Scottish National Party (SNP) leader Nicola Sturgeon was set to address an outdoor pro-independence rally in Glasgow on Saturday.
She wants to make the case for a second independence referendum (indyref2) in 2020—and win votes for the SNP in a general election.
Remarkably, it is the first time Sturgeon will speak at a Yes rally since becoming Scottish first minister nearly five years ago. Hundreds of thousands have joined 21 marches organised by the All Under One Banner (AUOB) campaign across Scotland in the last few years.
Pressure from the streets earlier this year forced Sturgeon to say she will enact legislation to pursue indyref2.
Yet discontent with her strategy grows.
Sturgeon’s plan is to ask for permission for a second referendum by seeking a Section 30 order.
Everyone knows the Tories will never grant this. So her strategy has been since 2014, “Vote SNP.”
Independence activists need a better strategy than waiting for the SNP to deliver. The movement must remain mobilised and bring more militancy to its demands.
Over 500 people protested last Saturday in Glasgow’s George Square to defend the right to Catalan self-determination and demand the release of all political prisoners.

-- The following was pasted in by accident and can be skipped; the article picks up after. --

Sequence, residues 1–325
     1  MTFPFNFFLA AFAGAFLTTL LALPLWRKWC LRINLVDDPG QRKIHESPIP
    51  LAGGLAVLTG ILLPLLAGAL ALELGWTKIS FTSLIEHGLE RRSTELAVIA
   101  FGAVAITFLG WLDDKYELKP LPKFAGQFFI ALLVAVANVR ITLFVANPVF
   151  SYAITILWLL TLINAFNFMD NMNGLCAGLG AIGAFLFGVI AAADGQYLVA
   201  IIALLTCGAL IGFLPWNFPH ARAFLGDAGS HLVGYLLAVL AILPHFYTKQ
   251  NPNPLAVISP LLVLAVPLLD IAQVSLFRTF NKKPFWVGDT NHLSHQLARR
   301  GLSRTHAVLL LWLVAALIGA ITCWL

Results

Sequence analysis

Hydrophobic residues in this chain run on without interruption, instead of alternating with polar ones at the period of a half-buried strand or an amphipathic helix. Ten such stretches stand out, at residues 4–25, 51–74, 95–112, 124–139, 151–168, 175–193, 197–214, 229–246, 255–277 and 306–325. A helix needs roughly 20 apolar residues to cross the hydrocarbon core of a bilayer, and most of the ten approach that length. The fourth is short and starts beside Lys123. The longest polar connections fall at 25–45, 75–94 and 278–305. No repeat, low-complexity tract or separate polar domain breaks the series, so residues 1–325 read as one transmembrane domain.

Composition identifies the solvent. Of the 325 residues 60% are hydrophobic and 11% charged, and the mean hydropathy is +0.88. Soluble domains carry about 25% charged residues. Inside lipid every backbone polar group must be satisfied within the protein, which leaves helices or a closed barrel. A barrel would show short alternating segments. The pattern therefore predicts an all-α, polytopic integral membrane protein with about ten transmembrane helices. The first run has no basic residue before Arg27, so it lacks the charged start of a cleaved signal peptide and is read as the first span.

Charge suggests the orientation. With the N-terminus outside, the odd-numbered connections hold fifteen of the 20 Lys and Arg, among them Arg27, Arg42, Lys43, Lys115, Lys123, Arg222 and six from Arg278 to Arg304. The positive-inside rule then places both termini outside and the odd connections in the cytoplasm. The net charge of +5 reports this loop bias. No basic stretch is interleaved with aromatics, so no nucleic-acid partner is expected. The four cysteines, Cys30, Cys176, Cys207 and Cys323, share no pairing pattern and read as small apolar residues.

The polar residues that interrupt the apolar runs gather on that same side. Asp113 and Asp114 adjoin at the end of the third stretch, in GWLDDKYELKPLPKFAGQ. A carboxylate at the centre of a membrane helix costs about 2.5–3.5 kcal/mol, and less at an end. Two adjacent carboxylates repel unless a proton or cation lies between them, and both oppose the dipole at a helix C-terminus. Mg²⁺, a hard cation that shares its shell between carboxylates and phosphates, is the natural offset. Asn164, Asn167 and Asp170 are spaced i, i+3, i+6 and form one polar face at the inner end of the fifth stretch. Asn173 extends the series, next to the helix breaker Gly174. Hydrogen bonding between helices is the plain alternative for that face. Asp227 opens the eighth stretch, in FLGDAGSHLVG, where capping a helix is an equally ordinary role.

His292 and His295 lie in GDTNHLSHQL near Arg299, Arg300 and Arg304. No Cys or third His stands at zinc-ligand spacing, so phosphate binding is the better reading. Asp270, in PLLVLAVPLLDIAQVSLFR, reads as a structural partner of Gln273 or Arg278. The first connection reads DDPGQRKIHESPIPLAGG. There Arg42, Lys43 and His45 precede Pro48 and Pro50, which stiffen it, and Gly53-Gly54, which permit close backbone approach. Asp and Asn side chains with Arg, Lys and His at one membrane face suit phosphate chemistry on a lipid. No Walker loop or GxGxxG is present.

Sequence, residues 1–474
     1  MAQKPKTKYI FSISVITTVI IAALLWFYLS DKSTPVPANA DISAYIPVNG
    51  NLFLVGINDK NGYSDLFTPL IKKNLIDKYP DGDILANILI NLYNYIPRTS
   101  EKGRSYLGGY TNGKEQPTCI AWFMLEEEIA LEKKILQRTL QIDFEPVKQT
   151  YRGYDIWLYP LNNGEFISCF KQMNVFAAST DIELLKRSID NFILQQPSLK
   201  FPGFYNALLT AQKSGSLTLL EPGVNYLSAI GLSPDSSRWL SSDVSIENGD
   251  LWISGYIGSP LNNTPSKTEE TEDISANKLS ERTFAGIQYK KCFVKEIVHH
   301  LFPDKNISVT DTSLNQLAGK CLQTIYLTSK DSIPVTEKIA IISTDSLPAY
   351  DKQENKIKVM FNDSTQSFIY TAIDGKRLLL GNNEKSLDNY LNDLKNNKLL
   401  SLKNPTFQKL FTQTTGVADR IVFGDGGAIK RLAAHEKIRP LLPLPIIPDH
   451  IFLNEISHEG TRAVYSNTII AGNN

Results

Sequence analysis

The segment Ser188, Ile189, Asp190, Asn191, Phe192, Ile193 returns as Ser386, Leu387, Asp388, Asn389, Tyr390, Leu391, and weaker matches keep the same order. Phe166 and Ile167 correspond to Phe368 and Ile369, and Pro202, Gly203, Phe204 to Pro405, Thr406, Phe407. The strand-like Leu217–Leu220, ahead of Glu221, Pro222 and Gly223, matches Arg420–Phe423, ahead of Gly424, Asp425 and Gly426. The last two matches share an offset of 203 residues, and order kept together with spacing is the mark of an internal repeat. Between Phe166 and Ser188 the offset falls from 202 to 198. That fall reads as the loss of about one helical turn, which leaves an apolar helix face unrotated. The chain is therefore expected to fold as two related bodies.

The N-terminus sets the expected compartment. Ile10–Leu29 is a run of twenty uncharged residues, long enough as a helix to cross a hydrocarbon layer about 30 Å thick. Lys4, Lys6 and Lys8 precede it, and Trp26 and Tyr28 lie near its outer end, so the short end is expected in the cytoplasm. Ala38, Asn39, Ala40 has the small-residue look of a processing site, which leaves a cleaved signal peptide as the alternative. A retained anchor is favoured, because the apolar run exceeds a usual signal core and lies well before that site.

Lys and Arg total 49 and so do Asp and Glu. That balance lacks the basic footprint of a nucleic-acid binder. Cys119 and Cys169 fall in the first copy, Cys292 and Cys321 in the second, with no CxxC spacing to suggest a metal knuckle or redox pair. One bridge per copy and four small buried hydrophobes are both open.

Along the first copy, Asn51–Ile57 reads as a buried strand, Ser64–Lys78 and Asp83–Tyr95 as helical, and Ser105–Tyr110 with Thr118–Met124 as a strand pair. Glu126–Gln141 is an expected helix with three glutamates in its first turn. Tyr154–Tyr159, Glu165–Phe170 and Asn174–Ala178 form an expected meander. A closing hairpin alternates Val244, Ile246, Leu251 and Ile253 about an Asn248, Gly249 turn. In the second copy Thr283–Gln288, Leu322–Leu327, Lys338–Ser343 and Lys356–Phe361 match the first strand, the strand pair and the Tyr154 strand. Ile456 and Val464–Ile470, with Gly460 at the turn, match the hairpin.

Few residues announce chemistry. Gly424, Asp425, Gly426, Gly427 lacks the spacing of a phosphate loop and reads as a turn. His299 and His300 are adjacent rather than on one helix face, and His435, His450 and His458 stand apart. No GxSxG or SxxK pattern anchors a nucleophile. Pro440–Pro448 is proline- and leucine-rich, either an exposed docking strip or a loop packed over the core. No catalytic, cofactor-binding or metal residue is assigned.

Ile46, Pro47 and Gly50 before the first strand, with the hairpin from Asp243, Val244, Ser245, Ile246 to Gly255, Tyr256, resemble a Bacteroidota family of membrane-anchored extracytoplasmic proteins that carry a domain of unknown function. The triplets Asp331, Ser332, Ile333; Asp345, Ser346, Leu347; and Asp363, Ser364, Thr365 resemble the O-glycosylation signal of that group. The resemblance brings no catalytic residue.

It was called by the Catalan Defence Committee.
Significantly, it united pro-independence groups and the labour movement to condemn the violent crackdown by the Spanish state on protests.
Dave Moxham, deputy general secretary of the Scottish TUC, said, “No trade unionist can stand by and look at the violent repression that has taken place over the last week against people exercising their right to protest.”
Glasgow Labour MP Paul Sweeney said, “All those who believe in the spirit of democracy should rise up and condemn the actions of the Spanish state and Spanish courts.”
He called on Pedro Sanchez, the leader of Labour-type party PSOE, “to take urgent action to release the prisoners”.
The protest heard accounts from Catalans about the police violence.
AUOB speaker Keir McKechnie applauded the workers who joined a recent general strike in Catalonia and those resisting repression.
Echoing the criticism now coming from SNP politicians he asked, “Some people say the European Union represents democracy and human rights but why the silence on Catalonia?
“What’s going on in Catalonia is a warning to us all.
“Whenever people fight for change, for radical transformation, the elites will do anything to try and stop us.
“That’s why it is important that the trade union movement, the left, the whole movement for social rights unite together behind the Catalan people.”